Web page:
New RunKeeper Features Aim To Bring the Fitness Class Experience To Your Phone
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another, fund-raise for the race through a different organization, publicize it all to their friends on a different social networking site, and so on.
Jacobs started FitnessKeeper two years ago with the intention of extracting the running analytics offered by Nike’s Plus system to a wider community and broader array of devices. The RunKeeper app was one of the first 200 apps available in Apple’s iTunes App Store, which now boasts more than 250,000 apps. And Jacobs has done some pretty interesting things to get some buzz out about the tool in the meantime: running the 2009 Boston Marathon decked in a lycra iPhone costume, and reprising the trip in 2010, alongside a co-worker, who donned an Android phone outfit to promote the newest platform for the app.
For those who don’t have phones cool enough for the RunKeeper app (myself, ahem), you can engage with the RunKeeper community for free online, and can manually enter your distances run and look for new routes. There’s also a paid, premium Web version called RunKeeper Elite, which enables users to broadcast their run progress in real-time, and also offers rich analytics and fitness reports on how users are progressing and compare to others in the RunKeeper community. It charges $19.99 a year or $4.99 a month for that service, but Elite members will get 50 percent off the classes RunKeeper offers.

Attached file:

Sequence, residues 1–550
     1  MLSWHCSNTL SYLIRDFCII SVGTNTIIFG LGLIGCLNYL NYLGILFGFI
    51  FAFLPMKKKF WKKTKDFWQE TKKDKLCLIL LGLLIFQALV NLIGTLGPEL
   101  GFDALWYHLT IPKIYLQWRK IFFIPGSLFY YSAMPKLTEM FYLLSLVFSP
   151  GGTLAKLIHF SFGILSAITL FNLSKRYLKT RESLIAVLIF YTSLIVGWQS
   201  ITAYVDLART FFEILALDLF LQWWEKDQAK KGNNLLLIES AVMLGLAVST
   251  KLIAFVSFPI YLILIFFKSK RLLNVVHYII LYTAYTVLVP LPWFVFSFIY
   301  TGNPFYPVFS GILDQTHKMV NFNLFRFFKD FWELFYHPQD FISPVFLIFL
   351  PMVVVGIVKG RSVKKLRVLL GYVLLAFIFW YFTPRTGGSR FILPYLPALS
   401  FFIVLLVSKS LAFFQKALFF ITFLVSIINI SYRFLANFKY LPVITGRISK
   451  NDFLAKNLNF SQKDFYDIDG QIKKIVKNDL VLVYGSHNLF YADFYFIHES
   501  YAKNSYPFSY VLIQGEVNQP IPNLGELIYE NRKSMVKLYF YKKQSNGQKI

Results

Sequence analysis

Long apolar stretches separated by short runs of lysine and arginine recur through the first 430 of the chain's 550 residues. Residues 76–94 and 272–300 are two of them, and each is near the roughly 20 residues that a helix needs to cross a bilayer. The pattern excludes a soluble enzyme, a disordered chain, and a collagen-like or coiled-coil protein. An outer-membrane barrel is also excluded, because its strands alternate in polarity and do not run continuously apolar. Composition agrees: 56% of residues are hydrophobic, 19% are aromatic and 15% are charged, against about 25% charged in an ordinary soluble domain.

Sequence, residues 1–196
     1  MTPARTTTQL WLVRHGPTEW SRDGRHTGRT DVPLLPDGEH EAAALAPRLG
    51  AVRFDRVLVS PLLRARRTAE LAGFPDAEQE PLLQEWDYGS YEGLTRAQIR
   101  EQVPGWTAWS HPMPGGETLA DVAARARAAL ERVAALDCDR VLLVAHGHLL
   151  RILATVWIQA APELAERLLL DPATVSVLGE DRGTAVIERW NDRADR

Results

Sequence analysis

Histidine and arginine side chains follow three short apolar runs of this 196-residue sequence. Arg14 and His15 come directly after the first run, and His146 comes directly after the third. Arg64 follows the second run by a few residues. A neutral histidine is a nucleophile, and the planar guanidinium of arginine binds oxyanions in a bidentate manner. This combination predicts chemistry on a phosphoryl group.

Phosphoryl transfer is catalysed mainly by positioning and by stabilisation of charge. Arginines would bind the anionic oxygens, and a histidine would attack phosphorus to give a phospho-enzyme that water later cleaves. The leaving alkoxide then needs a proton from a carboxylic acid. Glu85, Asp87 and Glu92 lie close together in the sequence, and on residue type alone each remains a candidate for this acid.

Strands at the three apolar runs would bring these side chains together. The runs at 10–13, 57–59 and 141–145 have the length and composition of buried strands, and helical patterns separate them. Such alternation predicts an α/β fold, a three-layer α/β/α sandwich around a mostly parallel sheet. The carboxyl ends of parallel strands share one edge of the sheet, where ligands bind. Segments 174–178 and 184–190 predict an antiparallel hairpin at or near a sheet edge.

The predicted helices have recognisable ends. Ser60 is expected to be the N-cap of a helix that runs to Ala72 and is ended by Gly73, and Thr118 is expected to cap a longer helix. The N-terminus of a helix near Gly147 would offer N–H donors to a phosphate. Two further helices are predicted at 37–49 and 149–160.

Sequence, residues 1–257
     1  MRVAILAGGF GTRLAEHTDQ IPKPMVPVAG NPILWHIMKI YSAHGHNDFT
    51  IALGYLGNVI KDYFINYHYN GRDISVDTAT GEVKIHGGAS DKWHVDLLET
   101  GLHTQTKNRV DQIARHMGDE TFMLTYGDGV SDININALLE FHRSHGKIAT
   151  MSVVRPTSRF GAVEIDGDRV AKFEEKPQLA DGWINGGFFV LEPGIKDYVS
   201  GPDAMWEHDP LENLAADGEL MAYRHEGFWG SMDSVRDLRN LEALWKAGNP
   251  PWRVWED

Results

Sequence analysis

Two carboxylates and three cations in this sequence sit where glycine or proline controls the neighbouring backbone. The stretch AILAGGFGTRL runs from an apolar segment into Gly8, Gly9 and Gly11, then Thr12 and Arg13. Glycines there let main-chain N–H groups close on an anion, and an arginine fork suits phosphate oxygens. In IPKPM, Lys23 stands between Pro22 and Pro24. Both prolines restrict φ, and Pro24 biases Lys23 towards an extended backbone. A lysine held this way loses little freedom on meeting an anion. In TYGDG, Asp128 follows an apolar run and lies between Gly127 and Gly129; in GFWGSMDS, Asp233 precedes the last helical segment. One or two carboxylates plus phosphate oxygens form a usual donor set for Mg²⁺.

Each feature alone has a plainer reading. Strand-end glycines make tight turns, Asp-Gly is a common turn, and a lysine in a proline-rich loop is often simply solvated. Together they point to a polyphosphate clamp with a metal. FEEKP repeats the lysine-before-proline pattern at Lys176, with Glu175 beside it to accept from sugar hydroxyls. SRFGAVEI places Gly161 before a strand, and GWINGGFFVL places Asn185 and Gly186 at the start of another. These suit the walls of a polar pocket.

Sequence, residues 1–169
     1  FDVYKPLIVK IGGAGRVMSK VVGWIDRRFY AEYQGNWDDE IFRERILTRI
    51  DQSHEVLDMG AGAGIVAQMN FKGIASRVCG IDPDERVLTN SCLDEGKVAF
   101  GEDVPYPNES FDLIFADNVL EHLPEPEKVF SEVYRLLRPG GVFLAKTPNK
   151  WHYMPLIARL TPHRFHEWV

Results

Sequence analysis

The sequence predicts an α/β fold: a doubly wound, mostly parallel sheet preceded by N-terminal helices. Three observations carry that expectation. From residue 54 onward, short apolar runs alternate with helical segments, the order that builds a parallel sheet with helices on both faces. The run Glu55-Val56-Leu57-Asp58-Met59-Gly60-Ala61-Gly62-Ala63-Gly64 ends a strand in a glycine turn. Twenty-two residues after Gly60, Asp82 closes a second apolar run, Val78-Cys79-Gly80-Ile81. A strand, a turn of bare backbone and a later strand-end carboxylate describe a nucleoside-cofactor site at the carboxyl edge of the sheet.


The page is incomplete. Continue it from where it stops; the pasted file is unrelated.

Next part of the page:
Speaking of money, FitnessKeeper—which has grown to seven full-time employees and now boasts more than 2.5 million downloads total—is taking a cut of each fitness class it sells, much in the way that Apple and Google profit off of each sale on their app stores. The startup raised $400,000 in seed money last November, but Jacobs says the company isn’t eyeing any outside financing at this point. They’ve been profitable every month since inception, he says.
The classes and race pages are just another way of developing the RunKeeper product into what Jacobs sees as a broader fitness platform for the community of runners. (The app also integrated with the WiFi-connected BodyScale bathroom scale from Withings, enabling runners to track their weight and body mass index alongside their runs on RunKeeper.)
“It’s about building the right mix of things to create a compelling experience for our users,” he says. “I feel sometimes like we’re social chemists, trying to get that right mix.”
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